Cat Peeing On Blankets And Clothes


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There are many reasons why your cat may pee on your clothes and blankets, including a medical condition, an unclean litter tray, or behavioral problems. But this doesn’t mean that the issue cannot be solved.

 

Introduction to Cat Peeing On Blankets And Clothes

 

Cat owners have long been plagued by unusual behaviors from their precious puss but what many of them don’t realize is that their cat isn’t being naughty. Far too often, we hear of pet parents who scold their cats when they urinate in an inappropriate place, but for the cat, this telling off is confusing and stressful.

Cats do not behave, react or understand things the way that humans do and whilst a cat peeing on blankets and clothes can be super frustrating for pet owners, for the cat, there was a very viable reason for doing this.

Understanding your pet and finding out the reason behind certain behaviors can go a long way in helping them to overcome these acts.

It is essential that if you notice that your kitty has been urinating on your laundry that you first eliminate any medical conditions by taking a trip to see your vet.

Health concerns aside, there are many other reasons why your cat may be behaving in this way, and in this article, we will be exploring these in a little more depth. We are also going to take a look at some of the ways in which you can deter your cat from continuing to do this.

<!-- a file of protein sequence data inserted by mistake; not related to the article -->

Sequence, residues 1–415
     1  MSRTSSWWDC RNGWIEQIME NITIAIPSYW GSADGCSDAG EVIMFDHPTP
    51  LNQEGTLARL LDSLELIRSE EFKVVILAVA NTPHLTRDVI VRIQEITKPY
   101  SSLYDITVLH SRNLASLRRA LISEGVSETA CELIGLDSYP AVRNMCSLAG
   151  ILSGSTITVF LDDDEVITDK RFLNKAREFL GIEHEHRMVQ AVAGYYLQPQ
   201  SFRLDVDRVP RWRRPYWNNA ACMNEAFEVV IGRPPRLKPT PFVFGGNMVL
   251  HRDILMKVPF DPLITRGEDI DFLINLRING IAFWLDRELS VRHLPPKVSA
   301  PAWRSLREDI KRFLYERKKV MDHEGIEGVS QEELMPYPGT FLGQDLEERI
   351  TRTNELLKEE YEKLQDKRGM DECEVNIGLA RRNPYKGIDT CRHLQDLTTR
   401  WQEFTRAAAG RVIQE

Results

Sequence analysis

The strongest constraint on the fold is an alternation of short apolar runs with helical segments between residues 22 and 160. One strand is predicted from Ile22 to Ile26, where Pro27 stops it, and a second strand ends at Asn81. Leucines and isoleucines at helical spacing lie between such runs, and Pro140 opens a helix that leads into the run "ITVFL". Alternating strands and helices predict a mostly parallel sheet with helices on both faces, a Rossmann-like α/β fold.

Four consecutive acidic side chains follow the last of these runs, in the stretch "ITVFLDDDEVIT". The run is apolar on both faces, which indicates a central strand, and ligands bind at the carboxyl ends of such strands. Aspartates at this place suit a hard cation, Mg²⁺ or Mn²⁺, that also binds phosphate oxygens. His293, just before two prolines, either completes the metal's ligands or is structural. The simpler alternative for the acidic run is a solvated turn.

Why Is My Cat Peeing On Blankets And Clothes?

 

One of the primary reasons that your cat may be displaying this type of behavior is as a result of a medical condition. As we have already mentioned, you must get your pet seen by a vet to rule out anything that could be detrimental to the animal’s health.

There is a large variety of health conditions that could cause your cat to behave in this way. Many of these are easily treatable, and even those that are a little more serious can be effectively managed with treatment from a qualified vet.

Some of the things that you may expect your cat to be diagnosed with are:

  • Kidney disease
  • Hyperthyroidism
  • Bladder stones
  • Inflammation of the bladder
  • Diabetes
  • Urinary tract infections
  • Crystals in the urine

Crystals in the urine could be a potentially serious and even life-threatening condition for male cats, so your vet must address this.

 

Marking Territory

 

If you live in a household with multiple cats, there is a high chance that your pet will use urine to mark their territory. This is normal behavior for felines and is particularly common among male cats; however, it is not unheard of for females to behave in the same way.

Marking their territory, or spraying as it is commonly called, can be discouraged, but since this is almost a natural reaction for a cat, this may take some work and patience on your part.

You might differentiate between marking and merely urinating if you see the cat in action. When moggies mark, they will lift their tail and back end, and move back towards a surface before spraying urine over it. Often, the cat will tremor as he does this, particularly the tail.

If you have noticed puddles of urine, it is unlikely the marking is the cause of the problem.

 

Behavioral Problems

 

There are a lot of ways that cats will let us know how they are feeling, most commonly, this will come out in their behaviors.

Pet parents need to keep in mind that their animals cannot communicate in the same way that we can, and they need to find more creative ways to express themselves. This is where often unwanted behaviors can take place. One of which is urinating on blankets and clothes.